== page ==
Rachel Fuller Brown

With Elizabeth Lee Hazen, Brown (1898-1980) developed the first effective antibiotic against fungal disease in humans—the most important biomedical breakthrough since the discovery of penicillin two decades earlier.

Rachel Fuller Brown, with her associate Elizabeth Hazen, developed the first effective antibiotic against fungal disease in humans—the most important biomedical breakthrough since the discovery of penicillin two decades earlier. The antibiotic, called nystatin, has cured sufferers of life-threatening fungal infections, vaginal yeast infections, and athlete's foot. Nystatin earned more than $13 million in royalties during Brown's lifetime, which she and Hazen dedicated to scientific research.

Brown was born in Springfield, Massachusetts, on November 23, 1898, to Annie Fuller and George Hamilton Brown. Her father, a real estate and insurance agent, moved the family to Webster Groves, Missouri, where she attended grammar school. In 1912, her father left the family. Brown and her younger brother returned to Springfield with their mother, who worked to support them. When Brown graduated from high school, a wealthy friend of the family financed her attendance at Mount Holyoke College in Massachusetts.

At Mount Holyoke, Brown was initially a history major, but she discovered chemistry when fulfilling a science requirement. She decided to double-major in history and chemistry, earning her A.B. degree in 1920. She subsequently went to the University of Chicago to complete her M.A. in organic chemistry. For three years, she taught chemistry and physics at the Francis Shimer School near Chicago. With her savings, she returned to the University to complete her Ph.D. in organic chemistry, with a minor in bacteriology. She submitted her thesis in 1926, but there was a delay in arranging her oral examinations. As her funds ran low, Brown took a job as an assistant chemist at the Division of Laboratories and Research of the New York State Department of Health in Albany, New York. Seven years later, when she returned to Chicago for a scientific meeting, Brown arranged to take her oral examinations and was awarded her Ph.D.

Brown's early work at the Department of Health focused on identifying the types of bacteria that caused pneumonia, and in this capacity she helped to develop a pneumonia vaccine still in use today. In 1948, she embarked on the project with Hazen, a leading authority on fungus, that would bring them their greatest acclaim: the discovery of an antibiotic to fight fungal infections. Penicillin had been discovered in 1928, and in the ensuing years antibiotics were increasingly used to fight bacterial illnesses. One side effect, however, was the rapid growth of fungus that could lead to sore mouths or upset stomachs. Other fungal diseases without cures included infections attacking the central nervous system, athlete's foot, and ring-worm. Microorganisms called actinomycetes that lived in soil were known to produce antibiotics. Although some killed fungus, they also proved fatal to test mice. Hazen ultimately narrowed the search down to a microorganism taken from soil near a barn on a friend's dairy farm in Virginia, later named streptomyces norsei. Brown's chemical analyses revealed that the microorganism produced two antifungal substances, one of which proved too toxic with test animals to pursue for human medical use. The other, however, seemed to have promise; it wasn't toxic to test animals and attacked both a fungus that invaded the lungs and central nervous system and candidiasis, an infection of the mouth, lungs, and vagina.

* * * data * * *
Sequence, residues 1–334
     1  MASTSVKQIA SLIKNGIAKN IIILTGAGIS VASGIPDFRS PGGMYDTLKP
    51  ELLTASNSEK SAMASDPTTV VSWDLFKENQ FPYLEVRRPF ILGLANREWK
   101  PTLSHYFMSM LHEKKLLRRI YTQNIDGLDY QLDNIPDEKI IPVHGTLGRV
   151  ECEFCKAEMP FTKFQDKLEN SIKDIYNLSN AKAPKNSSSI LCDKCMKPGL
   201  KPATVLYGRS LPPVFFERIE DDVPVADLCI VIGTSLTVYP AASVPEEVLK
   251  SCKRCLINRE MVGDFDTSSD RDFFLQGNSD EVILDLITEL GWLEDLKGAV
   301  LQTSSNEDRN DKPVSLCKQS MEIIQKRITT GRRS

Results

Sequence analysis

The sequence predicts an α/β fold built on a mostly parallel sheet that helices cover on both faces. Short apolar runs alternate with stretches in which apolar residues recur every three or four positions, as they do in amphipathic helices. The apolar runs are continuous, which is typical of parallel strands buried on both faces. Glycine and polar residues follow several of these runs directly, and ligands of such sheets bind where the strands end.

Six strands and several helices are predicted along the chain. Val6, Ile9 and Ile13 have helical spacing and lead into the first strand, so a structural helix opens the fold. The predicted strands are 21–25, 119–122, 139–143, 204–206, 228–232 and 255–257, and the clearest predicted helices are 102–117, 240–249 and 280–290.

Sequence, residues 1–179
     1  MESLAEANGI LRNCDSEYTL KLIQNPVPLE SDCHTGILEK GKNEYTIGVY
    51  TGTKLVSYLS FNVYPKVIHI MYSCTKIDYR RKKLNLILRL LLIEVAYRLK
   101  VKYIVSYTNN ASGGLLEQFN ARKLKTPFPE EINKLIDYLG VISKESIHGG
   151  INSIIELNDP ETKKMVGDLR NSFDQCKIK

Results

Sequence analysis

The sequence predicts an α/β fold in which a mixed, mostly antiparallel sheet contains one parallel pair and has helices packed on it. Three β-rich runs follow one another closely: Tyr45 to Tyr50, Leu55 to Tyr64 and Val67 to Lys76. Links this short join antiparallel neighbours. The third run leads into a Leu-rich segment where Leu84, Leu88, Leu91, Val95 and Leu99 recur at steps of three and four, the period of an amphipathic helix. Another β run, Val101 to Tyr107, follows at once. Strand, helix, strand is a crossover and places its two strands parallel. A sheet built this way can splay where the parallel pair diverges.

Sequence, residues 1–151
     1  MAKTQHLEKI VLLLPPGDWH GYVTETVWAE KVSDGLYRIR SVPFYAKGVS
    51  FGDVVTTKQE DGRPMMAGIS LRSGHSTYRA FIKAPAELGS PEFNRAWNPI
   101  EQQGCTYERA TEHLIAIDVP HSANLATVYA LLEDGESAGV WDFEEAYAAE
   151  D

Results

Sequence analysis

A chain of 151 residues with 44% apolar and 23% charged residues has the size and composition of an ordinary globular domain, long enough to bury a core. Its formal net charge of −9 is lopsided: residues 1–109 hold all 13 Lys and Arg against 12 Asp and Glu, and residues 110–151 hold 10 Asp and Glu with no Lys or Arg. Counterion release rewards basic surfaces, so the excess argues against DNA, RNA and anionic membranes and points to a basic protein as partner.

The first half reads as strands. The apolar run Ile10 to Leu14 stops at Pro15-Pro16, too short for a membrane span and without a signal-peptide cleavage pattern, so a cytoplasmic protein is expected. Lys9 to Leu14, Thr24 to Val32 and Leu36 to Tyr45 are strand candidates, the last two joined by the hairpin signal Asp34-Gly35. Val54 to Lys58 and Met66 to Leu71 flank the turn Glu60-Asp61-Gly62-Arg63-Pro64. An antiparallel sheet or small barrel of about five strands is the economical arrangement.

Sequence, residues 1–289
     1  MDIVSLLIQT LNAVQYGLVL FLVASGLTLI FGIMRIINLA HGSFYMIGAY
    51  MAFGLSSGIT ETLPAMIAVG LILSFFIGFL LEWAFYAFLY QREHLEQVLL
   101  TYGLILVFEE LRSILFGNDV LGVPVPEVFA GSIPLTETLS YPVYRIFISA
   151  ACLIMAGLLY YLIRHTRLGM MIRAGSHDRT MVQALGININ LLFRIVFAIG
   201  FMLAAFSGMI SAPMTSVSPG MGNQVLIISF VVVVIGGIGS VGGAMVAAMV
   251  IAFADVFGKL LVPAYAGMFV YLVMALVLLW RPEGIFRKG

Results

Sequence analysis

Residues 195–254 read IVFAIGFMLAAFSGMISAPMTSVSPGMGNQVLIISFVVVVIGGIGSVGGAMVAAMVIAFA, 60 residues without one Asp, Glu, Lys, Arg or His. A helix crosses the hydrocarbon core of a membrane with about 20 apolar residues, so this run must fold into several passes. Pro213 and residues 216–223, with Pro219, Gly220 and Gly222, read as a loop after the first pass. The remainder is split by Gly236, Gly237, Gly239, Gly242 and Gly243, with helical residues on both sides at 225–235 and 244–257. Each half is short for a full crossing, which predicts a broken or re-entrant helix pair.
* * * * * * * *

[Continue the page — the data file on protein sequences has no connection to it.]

Brown purified this second antibiotic into small white crystals, and in 1950 Brown and Hazen announced at a meeting of the National Academy of Sciences that they had found a new antifungal agent. They patented it through the nonprofit Research Corporation, naming it "nystatin" in honor of the New York State Division of Laboratories and Research. The license for the patent was issued to E. R. Squibb and Sons, which developed a safe and effective method of mass production. The product—called Mycostatin—became available in tablet form in 1954 to patients suffering from candidiasis. Nystatin has also proved valuable in agricultural and livestock applications, and has even been used to restore valuable works of art.

In 1951, the Department of Health laboratories promoted Brown to associate biochemist. Brown and Hazen, in continuing their research, discovered two additional antibiotics, phalamycin and capacidin. Brown and Hazen were awarded the 1955 Squibb Award in Chemotherapy. Brown won the Distinguished Service Award of the New York State Department of Health when she retired in 1968, and the Rhoda Benham Award of the Medical Mycological Society of the Americas in 1972. In 1975, Brown and Hazen became the first women to receive the Chemical Pioneer Award from the American Institute of Chemists. In a statement publised in the Chemist the month of her death, Brown hoped for a future of "equal opportunities and accomplishments for all scientists regardless of sex."

On retirement, Brown maintained an active community life, and became the first female vestry member of her Episcopalian church. By her death on January 14, 1980, she had paid back the wealthy woman who had made it possible for her to attend college. Using the royalties from nystatin, more importantly, she helped designate new funds for scientific research and scholarships.

Further Reading on Rachel Fuller Brown

Baldwin, Richard S., The Fungus Fighters: Two Women Scientists and Their Discovery, Cornell University Press, 1981.

Vare, Ethlie Ann and Greg Ptacek, Mothers of Invention, Morrow, 1988, pp. 124-126.

Yost, Edna, Women of Modern Science, Greenwood, 1959, pp. 64-79.

New York Times, June 29, 1957, p. 22-26; January 16, 1980, p.D19.